Watchmen S1E7: The nostalgic elephant in the room
The cinematic beauty of Watchmen lies in its overlaying of images and scattered Easter eggs. Everything that we saw and connected the dots with led us to this very satisfying episode. This was finally Angela’s Origin Story, where we learn what made her the person she is today.
Angela who had overdosed on Nostalgia in the previous two episodes is under the care of Lady Trieu now. As we know, Nostalgia has been banned after people started abusing it; Trieu is the only person who has the antidote and instruments to nurse Angela back to health. It is also interesting that Laurie Blake is the one who brought Angela to the Millennium Clock facility. The three leading ladies of the series are on the same side of moral compass despite not being fond of each other.
Will Reeves is still missing from the screen but we know that Lady Trieu is his partner in crime for whatever they have planned for humanity. Though Trieu insists she will save humanity, we do know in the Watchmen Universe that "Saving Humanity" doesn't necessarily mean a good thing. There will be sacrifices, like the Black Freighter was built of dead bodies, and Adrian’s hopeful path for a Utopia was constructed by murdering millions.
Little Angela’s life was tragic and it explains why she is so awkward at the parenting job. Though we know Angela is an orphan, thanks to Laurie trying to decode her trauma a few episodes back. But the gravity of her trauma is so hurtful to watch. She has been alone since the age of ten in a country where it is hard to find people who look like her, and where she will always be treated as an outsider who is a product of American Imperialism. She picks up an action flick to watch on her VCR because the actress looks like her. No wonder she had trust issues and works best alone. It hurts less when you are alone, but here she is married with three children, hence she is very desperate and hyper-aware to protect her family.
Despite Lady Trieu zeroing in on her secret and suggesting that they work together, Angela is going to fight on her own. Laurie Blake too is a victim of this I am sufficient alone syndrome; now she is captured by a trapdoor. And thanks to Pete we know Wade aka Looking Glass has survived the Seventh Kavalry attack, but he too is on the run. And finally, we learn the great plan of the series villain Joe Keene Jr, and it looks like a very-very-very bad idea for the rest of the world.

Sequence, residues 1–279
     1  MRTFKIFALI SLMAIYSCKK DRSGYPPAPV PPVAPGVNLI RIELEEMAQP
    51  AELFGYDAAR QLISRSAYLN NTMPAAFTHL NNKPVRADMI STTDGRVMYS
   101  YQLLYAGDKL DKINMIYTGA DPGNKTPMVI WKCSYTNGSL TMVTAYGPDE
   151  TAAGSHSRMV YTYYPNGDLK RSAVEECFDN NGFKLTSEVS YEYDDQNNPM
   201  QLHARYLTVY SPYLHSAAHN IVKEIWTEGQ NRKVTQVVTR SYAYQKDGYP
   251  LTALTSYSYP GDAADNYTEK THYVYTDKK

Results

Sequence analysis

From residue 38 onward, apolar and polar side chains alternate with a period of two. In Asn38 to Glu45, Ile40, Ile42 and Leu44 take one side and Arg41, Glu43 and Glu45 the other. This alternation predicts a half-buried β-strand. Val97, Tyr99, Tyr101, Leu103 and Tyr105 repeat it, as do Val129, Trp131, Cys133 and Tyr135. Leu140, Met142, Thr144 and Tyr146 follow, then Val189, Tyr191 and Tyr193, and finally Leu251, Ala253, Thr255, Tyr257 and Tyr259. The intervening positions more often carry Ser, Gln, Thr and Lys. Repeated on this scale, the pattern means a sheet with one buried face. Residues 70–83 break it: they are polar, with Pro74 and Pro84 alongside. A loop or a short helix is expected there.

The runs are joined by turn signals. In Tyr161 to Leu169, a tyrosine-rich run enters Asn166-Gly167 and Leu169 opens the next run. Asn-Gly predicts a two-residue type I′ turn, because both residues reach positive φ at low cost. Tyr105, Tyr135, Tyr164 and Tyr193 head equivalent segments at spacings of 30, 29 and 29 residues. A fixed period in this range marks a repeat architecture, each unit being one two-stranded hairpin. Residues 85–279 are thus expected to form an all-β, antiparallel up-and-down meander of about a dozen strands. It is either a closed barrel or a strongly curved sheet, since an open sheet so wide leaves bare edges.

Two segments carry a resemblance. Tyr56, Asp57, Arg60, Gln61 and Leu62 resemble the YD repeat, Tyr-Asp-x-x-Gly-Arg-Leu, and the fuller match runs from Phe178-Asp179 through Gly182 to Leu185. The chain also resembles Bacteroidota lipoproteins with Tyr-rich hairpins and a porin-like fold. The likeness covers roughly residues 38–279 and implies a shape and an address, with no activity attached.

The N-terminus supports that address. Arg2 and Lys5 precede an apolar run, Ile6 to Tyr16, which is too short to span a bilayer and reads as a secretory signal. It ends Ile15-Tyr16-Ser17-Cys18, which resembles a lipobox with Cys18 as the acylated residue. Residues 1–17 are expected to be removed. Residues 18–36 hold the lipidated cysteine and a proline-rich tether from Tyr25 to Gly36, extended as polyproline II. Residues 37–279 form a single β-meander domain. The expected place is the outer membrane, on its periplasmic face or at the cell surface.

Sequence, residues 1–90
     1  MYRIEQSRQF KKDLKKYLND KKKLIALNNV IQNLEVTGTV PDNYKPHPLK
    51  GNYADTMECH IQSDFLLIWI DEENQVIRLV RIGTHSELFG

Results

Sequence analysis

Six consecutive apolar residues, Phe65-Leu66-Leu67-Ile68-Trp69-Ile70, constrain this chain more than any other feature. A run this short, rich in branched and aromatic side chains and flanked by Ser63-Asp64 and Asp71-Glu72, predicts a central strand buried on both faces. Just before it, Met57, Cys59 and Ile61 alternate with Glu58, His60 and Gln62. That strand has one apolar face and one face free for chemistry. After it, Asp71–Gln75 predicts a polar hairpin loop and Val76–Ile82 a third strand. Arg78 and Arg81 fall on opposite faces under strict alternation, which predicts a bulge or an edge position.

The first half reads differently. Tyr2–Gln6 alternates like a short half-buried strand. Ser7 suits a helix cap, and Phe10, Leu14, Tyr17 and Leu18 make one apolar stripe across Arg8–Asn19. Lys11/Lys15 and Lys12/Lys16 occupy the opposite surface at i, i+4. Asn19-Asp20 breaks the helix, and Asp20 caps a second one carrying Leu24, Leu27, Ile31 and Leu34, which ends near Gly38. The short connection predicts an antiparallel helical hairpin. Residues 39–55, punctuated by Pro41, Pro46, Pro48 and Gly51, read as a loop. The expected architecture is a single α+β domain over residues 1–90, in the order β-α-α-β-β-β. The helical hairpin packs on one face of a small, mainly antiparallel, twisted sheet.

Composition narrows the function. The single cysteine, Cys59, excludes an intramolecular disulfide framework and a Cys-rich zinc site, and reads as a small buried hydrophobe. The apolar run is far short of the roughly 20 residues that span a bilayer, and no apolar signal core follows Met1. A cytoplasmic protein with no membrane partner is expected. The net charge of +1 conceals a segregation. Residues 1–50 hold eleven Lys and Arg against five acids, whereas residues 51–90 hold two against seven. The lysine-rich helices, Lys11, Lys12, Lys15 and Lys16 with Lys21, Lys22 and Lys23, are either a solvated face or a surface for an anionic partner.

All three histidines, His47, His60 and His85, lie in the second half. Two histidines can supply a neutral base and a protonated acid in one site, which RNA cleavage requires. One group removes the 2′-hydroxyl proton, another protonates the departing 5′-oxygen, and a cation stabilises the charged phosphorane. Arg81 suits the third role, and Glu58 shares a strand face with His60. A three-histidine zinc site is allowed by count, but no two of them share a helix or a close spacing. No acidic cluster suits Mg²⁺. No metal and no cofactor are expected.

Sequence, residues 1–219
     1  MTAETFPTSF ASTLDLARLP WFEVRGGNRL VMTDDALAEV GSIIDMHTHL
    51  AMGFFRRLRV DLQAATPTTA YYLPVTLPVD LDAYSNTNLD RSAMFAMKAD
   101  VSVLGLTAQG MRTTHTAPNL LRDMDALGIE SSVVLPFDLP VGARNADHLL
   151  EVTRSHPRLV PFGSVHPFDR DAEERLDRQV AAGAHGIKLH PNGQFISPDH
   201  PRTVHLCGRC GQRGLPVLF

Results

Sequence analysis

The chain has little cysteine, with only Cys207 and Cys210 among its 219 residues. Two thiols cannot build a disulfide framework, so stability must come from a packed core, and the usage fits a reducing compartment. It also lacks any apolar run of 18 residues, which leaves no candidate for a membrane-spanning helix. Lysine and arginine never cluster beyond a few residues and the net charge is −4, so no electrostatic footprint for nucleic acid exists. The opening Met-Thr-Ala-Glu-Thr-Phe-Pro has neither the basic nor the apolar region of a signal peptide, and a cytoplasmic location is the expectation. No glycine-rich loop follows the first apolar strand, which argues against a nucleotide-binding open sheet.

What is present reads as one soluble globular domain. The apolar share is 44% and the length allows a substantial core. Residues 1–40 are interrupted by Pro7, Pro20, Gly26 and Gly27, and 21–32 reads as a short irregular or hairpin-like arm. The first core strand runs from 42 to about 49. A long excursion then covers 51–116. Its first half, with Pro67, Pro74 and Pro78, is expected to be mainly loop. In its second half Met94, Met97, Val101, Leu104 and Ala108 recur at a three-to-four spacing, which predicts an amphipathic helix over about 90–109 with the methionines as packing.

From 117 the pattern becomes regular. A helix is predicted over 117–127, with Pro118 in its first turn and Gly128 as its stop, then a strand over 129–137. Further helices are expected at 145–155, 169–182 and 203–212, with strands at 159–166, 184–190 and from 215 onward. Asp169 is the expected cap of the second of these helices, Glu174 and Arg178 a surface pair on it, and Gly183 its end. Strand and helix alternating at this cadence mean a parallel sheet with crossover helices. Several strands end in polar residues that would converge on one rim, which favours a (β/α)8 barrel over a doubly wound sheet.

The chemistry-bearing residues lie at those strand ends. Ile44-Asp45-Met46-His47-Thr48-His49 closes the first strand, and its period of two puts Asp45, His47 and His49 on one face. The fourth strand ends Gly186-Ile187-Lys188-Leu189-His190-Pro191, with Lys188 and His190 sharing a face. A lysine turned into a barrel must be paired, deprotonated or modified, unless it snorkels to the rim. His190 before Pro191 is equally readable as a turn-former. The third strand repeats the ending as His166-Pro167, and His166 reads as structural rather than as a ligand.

Speculations about Bian, Lady Trieu’s daughter too have come to be proven correct...every puzzle to the narrative fits. Just because we predicted a lot of things doesn’t take away the excitement of it. I really want Joe Keene to suffer a humiliating defeat. Yet the revelation of the Big Bad Plan was shocking nonetheless. But the biggest reveal ended in a cliffhanger, which itself is criminal!
And Adrian Veidt had one of the most embarrassing trials, where he was judged by pigs.
Now to the sets! The conquered Vietnam is yellow and tints of Dr Manhattan blue! It’s colourful and thriving and Dr Manhattan has become this god that people either revere or love. He is painted everywhere, and he also has become the poster boy of American Dream Propaganda: a refugee boy of humble origin who made it big. Everything about him has been by heightened by the success story or mocked by the victims of the Vietnam War. The Mural of Dr Manhattan has been vandalized with horns and a tail. And people around the world call this god through the interstellar phone booths hoping for him to help them. Yet this god is better off dead because he has not answered a single phone call.
The saddest part of the episode was Angela recovering from her overdose and recalling her own memories. Her own memories parallel her grandfather’s and this mix and match of images show how the cycle of despair never ends. Their fates are connected by the same racial violence which has refused to get uprooted and now has become much more radical and imaginative with dumber followers because they can’t spell bloody Cavalry properly.